It’s Official. Bolaji Abdullahi Resigns From APC
Bolaji Abdullahi has officially resigned his position as National Publicity Secretary of the All Progressives Congress (APC) as well as his membership of the party.
After Senate President Bukola Saraki dumped the ruling party for the Peoples Democratic Party (PDP) on Tuesday, it was widely expected that Abdullahi, being his loyalist, would follow suit.
There were widespread reports on Tuesday that Abdullahi had done just that, but he vehemently denied it.
However, on Wednesday, he confirmed his exit from the ruling party, saying his “personal stake in the issue of Kwara makes it incongruous” for him to continue to sit as part of the working committee of the party.
Abdullahi complained that he has recently had to endure the “flagrant usurpation” of his role as the spokesman of the party in a manner that he considers “unbefitting of a ruling party and inconsistent with my ethical standards”.
He added that in a situation whereby his loyalty is constantly brought into question, his subordinates deployed to subvert his office, and his views constantly second-guessed on the basis of his political affiliation, it became imperative for him to review his position.
“Clearly, I cannot continue to function as the spokesman of a party whose expectations of that role is incompatible with my personal principles,” he said.
“In the same token, I can no longer justify to myself that I should remain in a party which has now made it clear to the world that the political group that I belong is no longer wanted, and which has hung my membership of that group as an albatross around my neck.”
THE FULL STATEMENT
PRESS STATEMENT BY THE NATIONAL PUBLICITY OF THE ALL PROGRESSIVES CONGRESS (APC), MALLAM BOLAJI ABDULLAHI
AUGUST 1ST, 2018.
In view of recent political developments in the country and within the All Progressives Congress (APC), I have decided to resign my position as the National Publicity Secretary as well as my membership of the party with effect from today.
In the last few days, I have had to endure the flagrant usurpation of my role as the spokesman of the party in a manner that I consider unbefitting of a ruling party and inconsistent with my ethical standards.
I have served the APC honestly and to the best of my ability and when I stood for and won my election at the last convention; it was a keen desire to continue to do so. However, in a situation whereby my loyalty is constantly brought into question; my subordinates deployed to subvert my office; and my views constantly second-guessed on the basis of my political affiliation, it has become imperative for me to review my position.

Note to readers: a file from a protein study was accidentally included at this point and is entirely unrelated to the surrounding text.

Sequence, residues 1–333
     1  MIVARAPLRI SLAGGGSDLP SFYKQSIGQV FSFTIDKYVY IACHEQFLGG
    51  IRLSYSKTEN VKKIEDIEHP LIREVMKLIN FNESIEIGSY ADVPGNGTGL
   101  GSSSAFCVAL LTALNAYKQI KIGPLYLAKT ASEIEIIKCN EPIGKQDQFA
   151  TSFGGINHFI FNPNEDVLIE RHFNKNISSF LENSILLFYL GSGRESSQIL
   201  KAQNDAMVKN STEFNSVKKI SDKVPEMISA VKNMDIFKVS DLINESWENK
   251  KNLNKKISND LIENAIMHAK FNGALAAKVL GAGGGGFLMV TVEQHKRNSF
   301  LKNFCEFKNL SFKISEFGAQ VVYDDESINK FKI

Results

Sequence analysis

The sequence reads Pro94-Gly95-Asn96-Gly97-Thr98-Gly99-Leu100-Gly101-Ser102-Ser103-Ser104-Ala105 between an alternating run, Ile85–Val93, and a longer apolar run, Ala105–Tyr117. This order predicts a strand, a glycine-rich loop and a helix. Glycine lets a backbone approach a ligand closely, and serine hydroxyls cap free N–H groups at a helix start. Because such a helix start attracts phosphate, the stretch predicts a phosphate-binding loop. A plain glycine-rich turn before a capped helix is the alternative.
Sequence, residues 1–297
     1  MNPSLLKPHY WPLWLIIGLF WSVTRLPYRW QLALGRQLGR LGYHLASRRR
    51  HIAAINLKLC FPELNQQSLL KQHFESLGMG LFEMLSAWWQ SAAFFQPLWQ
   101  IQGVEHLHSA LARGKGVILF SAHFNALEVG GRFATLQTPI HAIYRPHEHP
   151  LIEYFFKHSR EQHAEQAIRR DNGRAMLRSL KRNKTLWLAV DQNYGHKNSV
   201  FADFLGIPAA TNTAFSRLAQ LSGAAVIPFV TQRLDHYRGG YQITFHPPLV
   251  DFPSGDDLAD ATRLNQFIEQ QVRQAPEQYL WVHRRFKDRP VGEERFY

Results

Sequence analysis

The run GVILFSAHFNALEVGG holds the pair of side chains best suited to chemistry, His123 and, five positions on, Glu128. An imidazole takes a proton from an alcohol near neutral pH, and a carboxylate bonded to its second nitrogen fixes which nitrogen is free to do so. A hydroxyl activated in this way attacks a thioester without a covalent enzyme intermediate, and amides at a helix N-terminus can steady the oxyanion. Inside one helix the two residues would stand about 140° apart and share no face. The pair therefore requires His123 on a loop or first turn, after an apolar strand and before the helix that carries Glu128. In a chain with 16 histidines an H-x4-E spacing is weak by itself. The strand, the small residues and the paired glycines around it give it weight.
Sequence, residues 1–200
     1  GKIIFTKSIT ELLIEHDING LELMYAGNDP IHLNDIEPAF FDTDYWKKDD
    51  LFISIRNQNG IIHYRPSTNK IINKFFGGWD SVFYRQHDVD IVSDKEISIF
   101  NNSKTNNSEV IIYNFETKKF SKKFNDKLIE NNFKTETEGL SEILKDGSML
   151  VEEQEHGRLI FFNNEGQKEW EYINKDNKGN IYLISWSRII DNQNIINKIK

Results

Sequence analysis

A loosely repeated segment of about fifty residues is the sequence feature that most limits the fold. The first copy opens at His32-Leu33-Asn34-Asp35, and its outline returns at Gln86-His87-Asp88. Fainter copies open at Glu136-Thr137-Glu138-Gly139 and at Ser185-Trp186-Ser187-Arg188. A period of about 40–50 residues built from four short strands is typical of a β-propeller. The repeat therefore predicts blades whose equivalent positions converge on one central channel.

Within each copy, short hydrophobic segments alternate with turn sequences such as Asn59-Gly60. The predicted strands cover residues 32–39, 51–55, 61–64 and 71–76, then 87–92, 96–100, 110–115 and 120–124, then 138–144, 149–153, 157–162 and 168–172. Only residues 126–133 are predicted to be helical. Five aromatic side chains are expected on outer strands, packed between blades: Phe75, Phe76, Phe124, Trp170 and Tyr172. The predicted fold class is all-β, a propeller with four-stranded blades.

Since assuming office as the spokesman of the party, I have tried to set a new template for public political communications in a way that departs from the vulgar abuse and verbal aggression of the recent past, where cheap lies and crude propaganda were normalised as politics, and even celebrated as measures of competence. Unfortunately, those who felt I was not “forceful enough” framed my ethical disposition as evidence of a lack of commitment to the party.
The unlawful dissolution of the validly elected party executive in Kwara State earlier in the week was only another phase in the unrelenting assault I have had to endure. As a national officer of the party, who sits in that Committee, courtesy should demand that my views be sought on a matter that concerns my state and in which I am directly involved. That action was, to say the least, disrespectful.
Quite recently, we all took the oath to do justice to all and not allow personal interests to interfere with our official responsibilities. With this obviously presumptuous action, and the decision to appoint as chairman of caretaker committee, the same man who had emerged as the chairman from the parallel congress in my State, the NWC has taken sides, violated its oath office and subverted its own credibility as an impartial arbiter. Yet, these are the same people that have continued to insinuate that others are serving interests other than those of the party.
Politics is local, and my personal stake in the issue of Kwara makes it incongruous for me to continue to sit as part of the working committee of the party. Clearly, I cannot continue to function as the spokesman of a party whose expectations of that role is incompatible with my personal principles. In the same token, I can no longer justify to myself that I should remain in a party which has now made it clear to the world that the political group that I belong is no longer wanted, and which has hung my membership of that group as an albatross around my neck.